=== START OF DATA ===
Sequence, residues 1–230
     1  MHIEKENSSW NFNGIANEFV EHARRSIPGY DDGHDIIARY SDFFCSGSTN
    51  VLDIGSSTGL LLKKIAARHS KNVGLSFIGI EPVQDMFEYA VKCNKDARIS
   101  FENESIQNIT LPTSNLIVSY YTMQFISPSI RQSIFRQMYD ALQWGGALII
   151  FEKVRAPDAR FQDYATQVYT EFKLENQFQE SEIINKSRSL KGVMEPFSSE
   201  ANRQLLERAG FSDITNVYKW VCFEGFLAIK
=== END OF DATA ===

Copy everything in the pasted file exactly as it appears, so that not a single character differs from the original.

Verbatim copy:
Sequence, residues 1–230
     1  MHIEKENSSW NFNGIANEFV EHARRSIPGY DDGHDIIARY SDFFCSGSTN
    51  VLDIGSSTGL LLKKIAARHS KNVGLSFIGI EPVQDMFEYA VKCNKDARIS
   101  FENESIQNIT LPTSNLIVSY YTMQFISPSI RQSIFRQMYD ALQWGGALII
   151  FEKVRAPDAR FQDYATQVYT EFKLENQFQE SEIINKSRSL KGVMEPFSSE
   201  ANRQLLERAG FSDITNVYKW VCFEGFLAIK